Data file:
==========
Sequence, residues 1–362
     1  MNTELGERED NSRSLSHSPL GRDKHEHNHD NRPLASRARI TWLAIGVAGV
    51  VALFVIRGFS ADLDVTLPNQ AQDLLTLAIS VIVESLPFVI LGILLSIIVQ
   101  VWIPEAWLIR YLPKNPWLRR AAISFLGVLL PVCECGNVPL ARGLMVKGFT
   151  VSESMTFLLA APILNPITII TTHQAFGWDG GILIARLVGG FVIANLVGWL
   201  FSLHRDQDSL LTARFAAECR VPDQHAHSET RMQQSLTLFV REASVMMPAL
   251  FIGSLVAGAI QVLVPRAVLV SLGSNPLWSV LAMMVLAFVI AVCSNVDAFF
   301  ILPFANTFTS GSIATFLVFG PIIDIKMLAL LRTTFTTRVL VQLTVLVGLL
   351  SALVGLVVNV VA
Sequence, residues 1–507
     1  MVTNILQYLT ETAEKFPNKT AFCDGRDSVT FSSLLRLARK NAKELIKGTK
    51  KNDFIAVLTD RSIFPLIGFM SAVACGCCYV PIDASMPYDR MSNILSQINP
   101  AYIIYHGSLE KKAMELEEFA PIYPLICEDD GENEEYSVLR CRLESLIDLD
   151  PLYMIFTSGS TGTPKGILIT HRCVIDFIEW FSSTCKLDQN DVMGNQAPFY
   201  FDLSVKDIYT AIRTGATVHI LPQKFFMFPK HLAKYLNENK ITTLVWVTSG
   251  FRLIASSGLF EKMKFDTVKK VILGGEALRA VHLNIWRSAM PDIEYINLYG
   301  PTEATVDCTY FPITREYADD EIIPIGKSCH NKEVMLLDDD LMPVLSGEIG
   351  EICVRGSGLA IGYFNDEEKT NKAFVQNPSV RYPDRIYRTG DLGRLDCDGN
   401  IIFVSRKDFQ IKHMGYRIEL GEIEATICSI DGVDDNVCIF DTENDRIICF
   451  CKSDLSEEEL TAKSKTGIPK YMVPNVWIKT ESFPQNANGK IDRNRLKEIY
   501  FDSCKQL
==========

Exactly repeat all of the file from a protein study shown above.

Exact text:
Sequence, residues 1–362
     1  MNTELGERED NSRSLSHSPL GRDKHEHNHD NRPLASRARI TWLAIGVAGV
    51  VALFVIRGFS ADLDVTLPNQ AQDLLTLAIS VIVESLPFVI LGILLSIIVQ
   101  VWIPEAWLIR YLPKNPWLRR AAISFLGVLL PVCECGNVPL ARGLMVKGFT
   151  VSESMTFLLA APILNPITII TTHQAFGWDG GILIARLVGG FVIANLVGWL
   201  FSLHRDQDSL LTARFAAECR VPDQHAHSET RMQQSLTLFV REASVMMPAL
   251  FIGSLVAGAI QVLVPRAVLV SLGSNPLWSV LAMMVLAFVI AVCSNVDAFF
   301  ILPFANTFTS GSIATFLVFG PIIDIKMLAL LRTTFTTRVL VQLTVLVGLL
   351  SALVGLVVNV VA
Sequence, residues 1–507
     1  MVTNILQYLT ETAEKFPNKT AFCDGRDSVT FSSLLRLARK NAKELIKGTK
    51  KNDFIAVLTD RSIFPLIGFM SAVACGCCYV PIDASMPYDR MSNILSQINP
   101  AYIIYHGSLE KKAMELEEFA PIYPLICEDD GENEEYSVLR CRLESLIDLD
   151  PLYMIFTSGS TGTPKGILIT HRCVIDFIEW FSSTCKLDQN DVMGNQAPFY
   201  FDLSVKDIYT AIRTGATVHI LPQKFFMFPK HLAKYLNENK ITTLVWVTSG
   251  FRLIASSGLF EKMKFDTVKK VILGGEALRA VHLNIWRSAM PDIEYINLYG
   301  PTEATVDCTY FPITREYADD EIIPIGKSCH NKEVMLLDDD LMPVLSGEIG
   351  EICVRGSGLA IGYFNDEEKT NKAFVQNPSV RYPDRIYRTG DLGRLDCDGN
   401  IIFVSRKDFQ IKHMGYRIEL GEIEATICSI DGVDDNVCIF DTENDRIICF
   451  CKSDLSEEEL TAKSKTGIPK YMVPNVWIKT ESFPQNANGK IDRNRLKEIY
   501  FDSCKQL